Collaborator Contribution Professor Miroslav Tuma visits Rutherford Appleton Lab. each year to collaborate with Scott. He funds this through grants from the Czech Republic. He also hosts visits by Scott (providing office space etc).
Impact A number of publications have been written; these are listed in the relevant sections of the form. The publications are in leading numerical analysis journals. In addition, new packages have been developed for the internationally renowned HSL mathematical software library (HSL_MI28, HSL_MI30 and HSL_MI35; see http://www.hsl.rl.ac.uk/catalogue/ for details).
Start Year 2009
 
Title Incomplete factorization preconditioner for solving large sparse linear least squares problems 
Description HSL_MI35 computes an incomplete factorization preconditioner that may be used in the solution of weighted sparse linear least squares problems. 
Type Of Technology Software 
Year Produced 2016 
Impact The software is available within the HSL mathematical software library. It is freely available to academics for teaching and research purposes. A paper has been written and published (january 2017) that demonstrates the effectiveness of the software compared with state-of-the-art alternatives. It is too early to know what the take up of the software will be (9 downloads as of February 2017). Version 1.2.0 released September 2016. 
URL http://www.hsl.rl.ac.uk/catalogue/hsl_mi35.html
 
Title Nonlinear least-squares examples with CUTEst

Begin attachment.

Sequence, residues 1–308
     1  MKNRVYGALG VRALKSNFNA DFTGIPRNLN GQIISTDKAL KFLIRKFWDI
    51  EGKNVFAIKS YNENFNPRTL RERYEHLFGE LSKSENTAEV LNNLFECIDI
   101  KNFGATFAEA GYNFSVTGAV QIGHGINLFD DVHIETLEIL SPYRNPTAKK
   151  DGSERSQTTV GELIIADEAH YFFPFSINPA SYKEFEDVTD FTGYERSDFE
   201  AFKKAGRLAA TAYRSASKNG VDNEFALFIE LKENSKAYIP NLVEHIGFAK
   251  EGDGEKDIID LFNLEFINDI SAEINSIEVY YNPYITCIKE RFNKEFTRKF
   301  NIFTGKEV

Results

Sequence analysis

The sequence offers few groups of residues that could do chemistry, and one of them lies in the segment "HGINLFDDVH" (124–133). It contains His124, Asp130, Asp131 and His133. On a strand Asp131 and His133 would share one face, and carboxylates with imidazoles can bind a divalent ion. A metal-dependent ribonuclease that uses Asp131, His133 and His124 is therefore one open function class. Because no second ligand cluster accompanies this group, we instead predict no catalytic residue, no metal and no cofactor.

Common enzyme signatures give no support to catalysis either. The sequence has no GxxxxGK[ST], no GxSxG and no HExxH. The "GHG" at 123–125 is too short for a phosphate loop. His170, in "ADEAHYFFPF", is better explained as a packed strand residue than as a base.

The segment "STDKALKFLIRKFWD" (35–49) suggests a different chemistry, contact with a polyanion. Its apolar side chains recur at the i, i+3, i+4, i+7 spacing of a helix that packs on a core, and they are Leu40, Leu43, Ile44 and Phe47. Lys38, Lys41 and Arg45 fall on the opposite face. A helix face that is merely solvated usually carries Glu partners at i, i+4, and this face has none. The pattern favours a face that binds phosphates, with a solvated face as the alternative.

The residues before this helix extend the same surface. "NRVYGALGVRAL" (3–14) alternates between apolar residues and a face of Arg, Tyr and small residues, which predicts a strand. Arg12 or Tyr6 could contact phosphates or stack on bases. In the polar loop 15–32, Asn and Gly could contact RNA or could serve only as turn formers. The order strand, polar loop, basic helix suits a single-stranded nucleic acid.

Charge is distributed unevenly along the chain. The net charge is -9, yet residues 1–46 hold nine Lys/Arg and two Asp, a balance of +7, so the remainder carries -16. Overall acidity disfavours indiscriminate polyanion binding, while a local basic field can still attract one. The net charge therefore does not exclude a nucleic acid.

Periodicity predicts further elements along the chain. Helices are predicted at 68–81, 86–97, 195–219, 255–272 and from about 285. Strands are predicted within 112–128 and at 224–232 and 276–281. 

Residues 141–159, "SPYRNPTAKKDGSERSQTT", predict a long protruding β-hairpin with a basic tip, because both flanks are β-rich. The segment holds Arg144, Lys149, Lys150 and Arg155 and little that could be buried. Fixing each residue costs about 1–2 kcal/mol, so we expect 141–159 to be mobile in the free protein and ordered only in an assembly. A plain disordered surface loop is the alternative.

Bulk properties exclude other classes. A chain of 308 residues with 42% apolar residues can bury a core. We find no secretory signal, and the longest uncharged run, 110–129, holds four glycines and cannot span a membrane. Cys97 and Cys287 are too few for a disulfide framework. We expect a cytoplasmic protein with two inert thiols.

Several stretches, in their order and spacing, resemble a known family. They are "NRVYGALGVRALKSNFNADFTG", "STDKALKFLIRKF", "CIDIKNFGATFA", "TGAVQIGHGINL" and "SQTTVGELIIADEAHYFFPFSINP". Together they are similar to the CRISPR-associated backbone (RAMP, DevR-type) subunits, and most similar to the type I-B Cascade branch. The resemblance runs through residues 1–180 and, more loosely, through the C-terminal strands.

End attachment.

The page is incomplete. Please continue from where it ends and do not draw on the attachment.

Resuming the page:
Description CUTEst is a collection of artificial and real-life optimization test examples along with interfaces to many commonly-available optimization solvers. Recently, a large number of nonlinear least-squares examples from a variety of sources have been added. 
Type Of Technology Software 
Year Produced 2016 
Open Source License? Yes  
Impact These test examples have informed improvements to both of our nonlinear least-squares software packages (RALFit and NLS), ad consequently improved the robustness of Mantid's fitting capabilities. 
URL https://ccpforge.cse.rl.ac.uk/gf/project/cutest/wiki/
 
Title Package NLS from GALAHAD 
Description NLS is a Fortran package for solving large-scale nonlinear least-squares problems. The package provides many standard and new options, and there is an interface to the CUTEst test-problem suite. 
Type Of Technology Software 
Year Produced 2017 
Open Source License? Yes  
Impact This has acted as a prototype for RALFit, our least-squares package that has been incorporated into Mantid 
URL https://ccpforge.cse.rl.ac.uk/gf/project/galahad/scmsvn/?action=browse&path=%2Ftrunk%2Fdoc%2Fnls.pdf
 
Title RALFit: A non-linear least squares solver 
Description RALFit is a software package for solving nonlinear least-squares problems. It is written in modern Fortran, and has C and Python interfaces. 
Type Of Technology Software 
Year Produced 2016 
Open Source License? Yes  
Impact It has been incorporated into the Mantid data analysis package 
URL https://github.com/ralna/ralfit